The Revolution that Never Happened. Steen Steensen.
Has the online revolution changed the outlook of journalism? Are online resources being utilised to their full potential? Steen Steensen thinks not and I can agree with him to some extent. Take a look at his blog: Online Journalism and the promises of new technology. Steen Steensen’s blog.
Steensen talks of three assets of online journalism, multimedia, interactivity and hypertext. All three of these assets are not available in print journalism. Steenson looked into depth on whether they were being utilised to their full potential and they were not. You ask yourself why? If you had these resources and developments set in front of you, why would you not use them? My answer is: we do not know how to use them. A lot of print journalists in the industry at the moment are being put under a lot of pressure to not only provide stories suitable for print but online as well. Two very different mediums and two very different audiences. They are also maybe not so clear on how to utilise the media resources before them because they have not been brought up with them. Journalists in training at the moment are alot more media savvy and are being taught the importance of media and how to write for online material. Something journalists in the industry at the moment have not been subjected to and there is our problem.
Companies and newsrooms are now employing specific social media savvy journalists to produce news only for online material. I feel this is a good idea because then we have the best of both worlds. Good quality print and online journalists and it also provides more jobs – bonus!
It is important to note that Steensen’s blog was posted in 2010. Although it has only been two years since the blog was posted, I feel a lot has developed since then. A good example of this is Twitter. Nearly every newsroom has a twitter account and they post an update of every news story they publish on there, which draws people into their websites.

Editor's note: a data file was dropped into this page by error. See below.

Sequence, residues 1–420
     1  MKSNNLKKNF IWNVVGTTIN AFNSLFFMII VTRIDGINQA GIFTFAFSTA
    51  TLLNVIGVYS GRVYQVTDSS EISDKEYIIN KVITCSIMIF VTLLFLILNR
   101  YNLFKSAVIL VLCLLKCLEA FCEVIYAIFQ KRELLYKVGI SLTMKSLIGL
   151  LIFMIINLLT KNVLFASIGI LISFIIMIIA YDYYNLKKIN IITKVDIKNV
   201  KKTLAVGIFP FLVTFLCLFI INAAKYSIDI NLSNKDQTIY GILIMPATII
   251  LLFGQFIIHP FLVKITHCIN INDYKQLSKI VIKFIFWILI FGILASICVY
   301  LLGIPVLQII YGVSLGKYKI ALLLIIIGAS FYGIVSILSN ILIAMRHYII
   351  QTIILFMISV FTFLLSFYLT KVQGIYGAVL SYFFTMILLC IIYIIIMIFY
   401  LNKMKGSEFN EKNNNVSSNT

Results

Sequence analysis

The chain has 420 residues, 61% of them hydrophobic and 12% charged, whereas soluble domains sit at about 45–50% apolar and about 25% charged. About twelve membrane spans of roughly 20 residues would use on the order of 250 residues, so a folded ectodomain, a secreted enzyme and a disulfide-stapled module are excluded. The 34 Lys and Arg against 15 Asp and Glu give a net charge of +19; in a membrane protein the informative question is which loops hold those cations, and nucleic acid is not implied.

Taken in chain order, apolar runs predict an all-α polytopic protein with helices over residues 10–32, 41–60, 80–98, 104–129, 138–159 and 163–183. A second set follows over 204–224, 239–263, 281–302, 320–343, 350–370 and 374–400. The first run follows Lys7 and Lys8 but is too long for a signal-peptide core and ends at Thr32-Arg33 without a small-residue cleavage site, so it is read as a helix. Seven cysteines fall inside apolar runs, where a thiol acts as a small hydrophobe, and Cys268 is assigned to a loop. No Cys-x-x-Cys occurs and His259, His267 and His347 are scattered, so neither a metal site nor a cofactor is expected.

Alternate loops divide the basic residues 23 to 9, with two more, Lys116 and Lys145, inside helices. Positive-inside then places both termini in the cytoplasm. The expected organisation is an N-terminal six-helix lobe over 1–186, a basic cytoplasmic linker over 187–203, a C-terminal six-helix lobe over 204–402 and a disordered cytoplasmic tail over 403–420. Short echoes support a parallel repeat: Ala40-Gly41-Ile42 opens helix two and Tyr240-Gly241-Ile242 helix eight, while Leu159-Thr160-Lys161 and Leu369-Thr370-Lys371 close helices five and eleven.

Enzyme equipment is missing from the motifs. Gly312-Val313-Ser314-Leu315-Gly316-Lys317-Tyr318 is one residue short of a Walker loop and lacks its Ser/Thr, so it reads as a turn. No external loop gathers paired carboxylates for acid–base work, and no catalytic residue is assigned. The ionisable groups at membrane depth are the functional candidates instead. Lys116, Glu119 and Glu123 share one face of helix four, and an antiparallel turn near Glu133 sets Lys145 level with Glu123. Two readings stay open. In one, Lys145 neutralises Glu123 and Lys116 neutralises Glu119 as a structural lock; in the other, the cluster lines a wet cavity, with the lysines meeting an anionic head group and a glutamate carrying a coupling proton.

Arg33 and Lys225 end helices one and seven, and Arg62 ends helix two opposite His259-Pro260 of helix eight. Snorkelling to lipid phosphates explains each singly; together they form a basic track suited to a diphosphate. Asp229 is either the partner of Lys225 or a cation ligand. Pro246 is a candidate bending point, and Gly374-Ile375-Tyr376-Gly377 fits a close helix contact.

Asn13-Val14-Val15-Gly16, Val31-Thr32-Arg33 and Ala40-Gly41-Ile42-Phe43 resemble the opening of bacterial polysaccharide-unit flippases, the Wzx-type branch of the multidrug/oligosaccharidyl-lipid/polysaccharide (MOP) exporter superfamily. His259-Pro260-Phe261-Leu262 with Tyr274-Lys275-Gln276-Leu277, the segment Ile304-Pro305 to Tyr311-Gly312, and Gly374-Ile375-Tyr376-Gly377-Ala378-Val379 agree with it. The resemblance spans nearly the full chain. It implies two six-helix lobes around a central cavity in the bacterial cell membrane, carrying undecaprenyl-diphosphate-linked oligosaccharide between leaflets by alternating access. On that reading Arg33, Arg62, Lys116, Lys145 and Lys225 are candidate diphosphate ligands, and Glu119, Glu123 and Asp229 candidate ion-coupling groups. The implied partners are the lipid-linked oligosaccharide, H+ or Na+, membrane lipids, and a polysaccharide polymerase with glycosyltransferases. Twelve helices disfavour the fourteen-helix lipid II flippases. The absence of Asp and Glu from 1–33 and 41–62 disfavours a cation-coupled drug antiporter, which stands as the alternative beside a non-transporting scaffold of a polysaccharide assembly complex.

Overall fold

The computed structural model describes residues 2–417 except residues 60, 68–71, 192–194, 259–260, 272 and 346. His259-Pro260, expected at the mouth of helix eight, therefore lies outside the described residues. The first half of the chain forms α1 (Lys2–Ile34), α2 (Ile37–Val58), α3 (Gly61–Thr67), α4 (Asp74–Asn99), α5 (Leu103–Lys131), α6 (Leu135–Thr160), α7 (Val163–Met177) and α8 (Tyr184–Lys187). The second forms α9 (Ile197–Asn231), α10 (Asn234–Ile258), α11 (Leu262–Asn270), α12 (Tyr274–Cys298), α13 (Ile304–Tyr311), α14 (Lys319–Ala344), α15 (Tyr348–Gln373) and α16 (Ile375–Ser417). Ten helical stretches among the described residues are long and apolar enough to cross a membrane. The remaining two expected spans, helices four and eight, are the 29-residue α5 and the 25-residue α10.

It is interesting to read one of Steensen’s issues:
“New technology might not be the main driving force behind changes in journalism.”
I can agree with this. Steensen gives a great example in the development of television, radio and internet which were all supposed to cause the end of history in journalism, but they did not. I still use all three media platforms to find out news, and find them all just as useful. I feel this is the same for online journalism. It has not created an end of an era for print journalism, it has just created another media platform of presenting journalism. Just another form of producing news.
Steen states the “Television did change journalism. But it didnt kill it, or fundamentally change the social function of journalism and the role of the journalist.”
I feel this will be the same for online journalism.
What are your thoughts?
Posted on October 13, 2012, in Online Revolution, Twitter and tagged audience, blog, hypertext, interactivity, internet, journalists, media, mediums, multimedia, news, online, print, radio, savvy, steen steensen, television, twitter. Bookmark the permalink. Leave a comment.